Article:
Tidal wetlands adapt to accelerating sea level rise rates by building soil elevation via a simple ecogeomorphic feedback in which vegetation traps mineral sediment and adds organic matter. Rapid organic matter accumulation is a globally significant sink for carbon (C), and this ‘blue carbon’ is a primary contributor to vertical accretion and the persistence of tidal wetlands. While the fate of wetlands is typically evaluated in the context of sea level rise alone, anthropogenic activities that alter the delivery of sediment, nutrients, and freshwater to the coast are expected to alter the strength of these ecogeomorphic feedbacks via complex changes in plant physiology and microbial activity. Here, we explore how changes in freshwater and nutrient delivery regulate marsh accretion and C accumulation using point-based numerical models of tidal wetland evolution that explicitly incorporate physiological and biogeochemical responses to these anthropogenic disturbances. We then examine how spatial variation alters the strength and direction of these feedbacks at the landscape scale.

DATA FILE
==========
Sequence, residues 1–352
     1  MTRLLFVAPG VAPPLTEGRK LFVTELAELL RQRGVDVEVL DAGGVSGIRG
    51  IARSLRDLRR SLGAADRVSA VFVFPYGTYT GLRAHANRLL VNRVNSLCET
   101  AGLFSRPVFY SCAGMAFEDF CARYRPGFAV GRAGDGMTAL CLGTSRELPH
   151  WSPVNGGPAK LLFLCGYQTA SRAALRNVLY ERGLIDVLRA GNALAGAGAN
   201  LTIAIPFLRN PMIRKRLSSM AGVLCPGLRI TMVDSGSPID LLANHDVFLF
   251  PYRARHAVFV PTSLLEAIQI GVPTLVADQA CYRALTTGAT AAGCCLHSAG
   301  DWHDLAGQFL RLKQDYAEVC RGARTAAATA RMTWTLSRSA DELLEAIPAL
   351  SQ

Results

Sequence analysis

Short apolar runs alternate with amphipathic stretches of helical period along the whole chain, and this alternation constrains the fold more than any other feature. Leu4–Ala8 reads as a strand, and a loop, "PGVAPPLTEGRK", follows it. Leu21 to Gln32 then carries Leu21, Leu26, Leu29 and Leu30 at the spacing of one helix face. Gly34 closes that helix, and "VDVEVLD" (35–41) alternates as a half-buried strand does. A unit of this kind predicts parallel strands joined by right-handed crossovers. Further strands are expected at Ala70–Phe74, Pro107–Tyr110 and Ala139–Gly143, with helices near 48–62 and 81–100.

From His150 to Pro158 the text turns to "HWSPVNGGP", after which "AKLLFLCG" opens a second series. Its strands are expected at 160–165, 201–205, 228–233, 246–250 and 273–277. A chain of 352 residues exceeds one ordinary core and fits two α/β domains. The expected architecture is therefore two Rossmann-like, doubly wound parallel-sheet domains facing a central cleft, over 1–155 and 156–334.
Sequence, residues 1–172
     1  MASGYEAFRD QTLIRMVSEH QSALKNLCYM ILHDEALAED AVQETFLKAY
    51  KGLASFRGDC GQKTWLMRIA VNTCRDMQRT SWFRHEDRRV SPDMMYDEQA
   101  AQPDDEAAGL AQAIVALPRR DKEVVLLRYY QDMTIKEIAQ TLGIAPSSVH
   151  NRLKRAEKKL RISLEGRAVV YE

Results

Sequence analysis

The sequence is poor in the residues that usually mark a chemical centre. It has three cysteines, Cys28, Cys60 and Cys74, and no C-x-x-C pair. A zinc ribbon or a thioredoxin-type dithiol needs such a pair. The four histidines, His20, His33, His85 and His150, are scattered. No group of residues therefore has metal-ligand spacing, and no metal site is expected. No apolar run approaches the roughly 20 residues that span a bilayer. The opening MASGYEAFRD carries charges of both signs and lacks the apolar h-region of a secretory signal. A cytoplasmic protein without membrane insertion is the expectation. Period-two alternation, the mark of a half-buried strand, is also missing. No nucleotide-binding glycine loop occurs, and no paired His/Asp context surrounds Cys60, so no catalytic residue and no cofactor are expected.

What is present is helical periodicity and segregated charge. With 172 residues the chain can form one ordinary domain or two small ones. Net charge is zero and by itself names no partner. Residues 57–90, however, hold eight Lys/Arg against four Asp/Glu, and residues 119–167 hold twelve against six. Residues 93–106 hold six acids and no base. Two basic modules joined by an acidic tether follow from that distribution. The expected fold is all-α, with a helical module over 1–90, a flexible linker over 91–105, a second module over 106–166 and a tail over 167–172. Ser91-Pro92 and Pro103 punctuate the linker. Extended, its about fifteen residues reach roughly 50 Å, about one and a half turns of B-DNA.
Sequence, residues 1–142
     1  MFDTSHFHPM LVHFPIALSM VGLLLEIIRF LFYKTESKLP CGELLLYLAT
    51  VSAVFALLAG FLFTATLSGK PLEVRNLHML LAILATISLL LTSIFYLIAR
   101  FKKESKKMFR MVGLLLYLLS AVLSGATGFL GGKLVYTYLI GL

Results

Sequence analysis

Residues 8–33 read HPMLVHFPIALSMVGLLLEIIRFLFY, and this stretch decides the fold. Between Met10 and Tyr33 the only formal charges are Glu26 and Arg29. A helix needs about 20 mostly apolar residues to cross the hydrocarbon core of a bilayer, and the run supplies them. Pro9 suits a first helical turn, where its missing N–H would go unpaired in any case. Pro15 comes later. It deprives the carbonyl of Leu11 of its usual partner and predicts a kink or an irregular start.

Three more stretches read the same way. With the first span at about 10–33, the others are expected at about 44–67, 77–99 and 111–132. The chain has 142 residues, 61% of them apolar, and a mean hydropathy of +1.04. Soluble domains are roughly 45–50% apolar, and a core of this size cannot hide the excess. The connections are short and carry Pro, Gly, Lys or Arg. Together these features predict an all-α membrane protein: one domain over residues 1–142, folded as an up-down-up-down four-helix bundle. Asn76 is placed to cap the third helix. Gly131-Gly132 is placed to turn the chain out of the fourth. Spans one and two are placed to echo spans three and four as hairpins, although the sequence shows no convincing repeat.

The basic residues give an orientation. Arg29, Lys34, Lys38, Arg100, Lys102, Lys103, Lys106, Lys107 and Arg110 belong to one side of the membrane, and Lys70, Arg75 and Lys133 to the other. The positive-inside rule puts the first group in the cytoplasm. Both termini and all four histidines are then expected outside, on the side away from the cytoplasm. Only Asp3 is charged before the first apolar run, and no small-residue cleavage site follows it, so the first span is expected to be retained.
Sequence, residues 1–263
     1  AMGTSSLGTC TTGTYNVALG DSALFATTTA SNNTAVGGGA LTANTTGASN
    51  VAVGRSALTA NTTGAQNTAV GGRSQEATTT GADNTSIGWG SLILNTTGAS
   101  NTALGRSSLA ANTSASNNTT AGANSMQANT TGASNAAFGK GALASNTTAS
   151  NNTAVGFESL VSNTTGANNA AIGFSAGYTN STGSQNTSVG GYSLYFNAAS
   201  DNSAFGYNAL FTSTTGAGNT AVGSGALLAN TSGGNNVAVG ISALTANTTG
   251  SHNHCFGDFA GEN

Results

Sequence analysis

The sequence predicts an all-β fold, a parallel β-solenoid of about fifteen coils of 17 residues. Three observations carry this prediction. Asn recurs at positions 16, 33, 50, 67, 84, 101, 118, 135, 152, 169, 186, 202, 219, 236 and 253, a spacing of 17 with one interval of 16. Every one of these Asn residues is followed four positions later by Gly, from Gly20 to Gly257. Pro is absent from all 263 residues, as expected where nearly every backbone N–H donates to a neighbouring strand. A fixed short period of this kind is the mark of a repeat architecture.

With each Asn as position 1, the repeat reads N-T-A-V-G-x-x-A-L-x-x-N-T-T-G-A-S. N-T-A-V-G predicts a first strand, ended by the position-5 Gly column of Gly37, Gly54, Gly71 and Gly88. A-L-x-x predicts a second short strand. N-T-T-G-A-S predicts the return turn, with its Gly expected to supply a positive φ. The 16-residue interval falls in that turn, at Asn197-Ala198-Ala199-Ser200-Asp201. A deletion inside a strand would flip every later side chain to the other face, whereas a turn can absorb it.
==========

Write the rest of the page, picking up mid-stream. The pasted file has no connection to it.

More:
We show that reduced freshwater delivery reduces accretion and C accumulation, but that both enhanced freshwater and nutrient delivery accelerate elevation gain and C accumulation in the majority of tidal wetlands because they increase aboveground productivity, enhancing mineral sediment deposition, and increasing C accumulation by increasing total belowground productivity. However, nutrients are detrimental to C accumulation for wetlands low in the intertidal zone where aboveground productivity is not nutrient limited and belowground biomass declines in response to nutrients. Applied across the landscape, we show that these biological responses are intimately linked with hydrology, geomorphology, and suspended sediment availability in complex ways not apparent in point-based models. These spatial feedbacks tend to enhance wetland persistence in the face of sea level rise and therefore enhance landscape scale C pools. For instance, in the Altamaha River estuary (Georgia), low freshwater discharge allows sediment-rich brackish water penetrate further upstream, enhancing mineral accretion and counterbalancing short-term reductions organic accretion resulting from decreased productivity and accelerated mineralization. In the long term, increased estuarine salinity favors community shifts toward species with higher rates of C burial and accretion. While these disturbances may have positive consequences for the accumulation and persistence of blue carbon in many coastal settings, our analysis shows that they are deleterious when they occur in wetlands low in the tidal frame or in concert with reduced sediment supply.